Jesus and His disciples were preparing for the feast of the Passover, which in and of itself is a feast of Thanksgiving. Just before the 10th plague in Exodus 12:13-14, the Lord commands the people to keep that day as a memorial.
The blood shall be a sign for you, on the houses where you are. And when I see the blood, I will pass over you, and no plague will befall you to destroy you, when I strike the land of Egypt.
The people were to offer a day of thanksgiving to the Lord for passing over their sins and saving them from the coming judgment. This is a shadow of what He would do with the death of Jesus.
Moving back to Matthew, the disciples all gathered in the upper room to celebrate the Passover feast. Jesus had just revealed that one of His disciples would betray Him, when He then offers up the bread and the wine:
While they were eating, Jesus took bread, and when he had given thanks, he broke it and gave it to his disciples, saying, “Take and eat; this is my body.” Then he took a cup, and when he had given thanks, he gave it to them, saying, “Drink from it, all of you. This is my blood of the covenant, which is poured out for many for the forgiveness of sins.
The first thing Jesus did was to give thanks to the Father, which is something that has become a normal practice for Christians before eating a meal. The interesting thing to note is that before both the bread and the wine Jesus gave thanks to the Father. In his commentary, Matthew Henry says that the reason that He gave thanks is to teach us to look to God in every part of the ordinance. We give thanks to the Lord for sending His Son to have His body broken for us, and for the shedding of His blood for the forgiveness of our sins.
It is a wonderful thing for us as a nation to dedicate a day of national Thanksgiving. However, we have drifted away from the God to whom we are thankful. As Christians, the most important thing we have to be thankful for is that our sins have been forgiven and washed away by the blood of Jesus Christ. We have an opportunity when our families are gathered together to share that good news with them, and pray that God would save them from their sins. They may not want to hear it, and may chastise you for bringing up religion at the dinner table, but do not despair. Rather, press on because there might not be another opportunity for them to receive the Gospel.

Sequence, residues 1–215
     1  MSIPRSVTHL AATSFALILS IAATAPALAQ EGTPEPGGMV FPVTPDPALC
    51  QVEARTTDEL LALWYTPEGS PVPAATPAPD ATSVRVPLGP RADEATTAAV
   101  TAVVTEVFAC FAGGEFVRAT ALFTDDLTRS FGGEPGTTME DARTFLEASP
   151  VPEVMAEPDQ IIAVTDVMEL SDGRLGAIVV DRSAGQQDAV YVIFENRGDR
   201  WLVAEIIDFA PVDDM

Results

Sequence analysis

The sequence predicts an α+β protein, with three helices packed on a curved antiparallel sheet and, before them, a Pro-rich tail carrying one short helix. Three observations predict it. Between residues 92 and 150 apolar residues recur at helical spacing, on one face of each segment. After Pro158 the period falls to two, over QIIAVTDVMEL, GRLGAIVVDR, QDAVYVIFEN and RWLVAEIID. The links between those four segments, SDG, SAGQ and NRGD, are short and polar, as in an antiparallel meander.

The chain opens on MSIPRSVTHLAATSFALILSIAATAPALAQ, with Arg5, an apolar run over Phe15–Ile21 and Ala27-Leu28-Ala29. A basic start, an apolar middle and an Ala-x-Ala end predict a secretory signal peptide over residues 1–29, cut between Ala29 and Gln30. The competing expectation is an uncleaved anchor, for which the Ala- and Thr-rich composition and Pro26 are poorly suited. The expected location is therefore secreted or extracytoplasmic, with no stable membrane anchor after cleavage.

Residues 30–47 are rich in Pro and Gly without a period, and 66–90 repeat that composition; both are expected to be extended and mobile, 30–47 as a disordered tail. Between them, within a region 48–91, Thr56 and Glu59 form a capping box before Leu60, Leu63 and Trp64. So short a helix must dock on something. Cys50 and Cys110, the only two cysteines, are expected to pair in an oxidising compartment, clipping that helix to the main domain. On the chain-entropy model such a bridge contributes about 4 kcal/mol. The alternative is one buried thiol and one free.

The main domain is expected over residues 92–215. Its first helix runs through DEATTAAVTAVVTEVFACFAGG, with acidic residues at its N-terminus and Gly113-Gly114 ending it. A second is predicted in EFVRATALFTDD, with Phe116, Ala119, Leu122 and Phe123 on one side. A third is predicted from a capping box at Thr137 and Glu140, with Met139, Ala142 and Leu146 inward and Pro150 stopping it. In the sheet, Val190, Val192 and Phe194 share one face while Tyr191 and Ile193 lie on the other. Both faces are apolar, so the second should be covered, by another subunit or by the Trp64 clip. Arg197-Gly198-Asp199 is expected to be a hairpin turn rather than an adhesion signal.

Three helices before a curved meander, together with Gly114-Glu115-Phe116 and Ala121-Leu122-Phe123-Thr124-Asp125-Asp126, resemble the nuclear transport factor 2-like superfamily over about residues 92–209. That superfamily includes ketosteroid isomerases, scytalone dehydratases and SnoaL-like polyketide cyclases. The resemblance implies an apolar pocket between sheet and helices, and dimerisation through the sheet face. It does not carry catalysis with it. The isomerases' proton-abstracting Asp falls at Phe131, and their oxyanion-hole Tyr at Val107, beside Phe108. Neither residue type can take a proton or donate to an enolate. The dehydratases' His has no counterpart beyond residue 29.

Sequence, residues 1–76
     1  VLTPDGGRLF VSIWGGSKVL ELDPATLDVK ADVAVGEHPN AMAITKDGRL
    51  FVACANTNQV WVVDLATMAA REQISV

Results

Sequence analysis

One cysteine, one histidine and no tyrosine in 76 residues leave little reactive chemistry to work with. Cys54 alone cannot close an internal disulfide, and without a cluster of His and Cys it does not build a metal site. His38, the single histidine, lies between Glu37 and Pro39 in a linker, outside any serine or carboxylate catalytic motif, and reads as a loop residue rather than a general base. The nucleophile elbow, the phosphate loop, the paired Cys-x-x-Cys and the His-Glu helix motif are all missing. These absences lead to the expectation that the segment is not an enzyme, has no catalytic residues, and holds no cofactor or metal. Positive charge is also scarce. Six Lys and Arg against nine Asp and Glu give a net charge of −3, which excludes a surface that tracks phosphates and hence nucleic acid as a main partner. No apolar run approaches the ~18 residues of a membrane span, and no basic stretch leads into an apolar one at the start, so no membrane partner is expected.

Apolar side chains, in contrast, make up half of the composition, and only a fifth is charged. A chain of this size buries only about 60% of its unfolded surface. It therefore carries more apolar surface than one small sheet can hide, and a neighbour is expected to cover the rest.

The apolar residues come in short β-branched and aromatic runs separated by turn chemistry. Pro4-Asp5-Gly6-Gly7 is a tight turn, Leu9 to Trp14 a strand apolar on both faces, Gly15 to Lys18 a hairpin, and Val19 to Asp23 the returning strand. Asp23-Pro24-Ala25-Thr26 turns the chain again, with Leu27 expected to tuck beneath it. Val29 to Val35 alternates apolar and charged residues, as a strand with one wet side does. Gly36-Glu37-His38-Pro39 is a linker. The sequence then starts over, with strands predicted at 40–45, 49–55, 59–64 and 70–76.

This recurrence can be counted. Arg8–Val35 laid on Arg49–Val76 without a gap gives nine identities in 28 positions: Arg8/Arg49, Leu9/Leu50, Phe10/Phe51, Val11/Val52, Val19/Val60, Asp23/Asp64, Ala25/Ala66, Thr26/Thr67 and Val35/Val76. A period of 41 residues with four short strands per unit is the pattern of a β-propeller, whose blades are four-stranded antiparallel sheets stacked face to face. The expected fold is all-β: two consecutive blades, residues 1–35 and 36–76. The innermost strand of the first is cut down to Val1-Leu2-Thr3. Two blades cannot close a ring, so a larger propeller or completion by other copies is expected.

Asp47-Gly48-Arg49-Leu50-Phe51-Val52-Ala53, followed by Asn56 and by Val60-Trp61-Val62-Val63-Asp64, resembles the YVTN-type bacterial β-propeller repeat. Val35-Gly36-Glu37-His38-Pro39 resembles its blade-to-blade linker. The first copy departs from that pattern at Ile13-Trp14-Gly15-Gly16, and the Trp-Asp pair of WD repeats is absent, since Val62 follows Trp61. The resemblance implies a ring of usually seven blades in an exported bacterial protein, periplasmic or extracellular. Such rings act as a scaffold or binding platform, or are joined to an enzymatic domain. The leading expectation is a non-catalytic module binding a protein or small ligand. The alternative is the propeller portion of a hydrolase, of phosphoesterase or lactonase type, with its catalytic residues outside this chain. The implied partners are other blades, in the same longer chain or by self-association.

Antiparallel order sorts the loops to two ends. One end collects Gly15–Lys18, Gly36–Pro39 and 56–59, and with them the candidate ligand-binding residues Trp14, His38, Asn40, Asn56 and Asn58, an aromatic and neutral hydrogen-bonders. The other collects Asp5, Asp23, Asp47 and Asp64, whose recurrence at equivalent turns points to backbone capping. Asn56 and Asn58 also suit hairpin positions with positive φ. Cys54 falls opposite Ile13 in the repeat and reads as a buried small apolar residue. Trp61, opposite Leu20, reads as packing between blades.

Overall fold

This Thanksgiving let us praise God for all that He has done for such an undeserving people. Let me leave you not only with my prayers that you have a happy Thanksgiving, but also with a Psalm that we can pray through to offer our thanks to Him:
I give you thanks, O Lord, with my whole heart;
before the gods I sing your praise;
I bow down toward your holy temple
and give thanks to your name for your steadfast love and your faithfulness,
for you have exalted above all things
your name and your word.
On the day I called, you answered me;
my strength of soul you increased.
All the kings of the earth shall give you thanks, O Lord,
for they have heard the words of your mouth,
and they shall sing of the ways of the Lord,
for great is the glory of the Lord.
For though the Lord is high, he regards the lowly,
but the haughty he knows from afar.
Though I walk in the midst of trouble,
you preserve my life;
you stretch out your hand against the wrath of my enemies,
and your right hand delivers me.
The Lord will fulfill his purpose for me;
your steadfast love, O Lord, endures forever.
Do not forsake the work of your hands.
(Jeremy Wiggins is the host of "In the Trenches" heard on American Family Radio Saturday mornings from 6-7 a.m. CST. Podcasts for the program are available at AFR.net)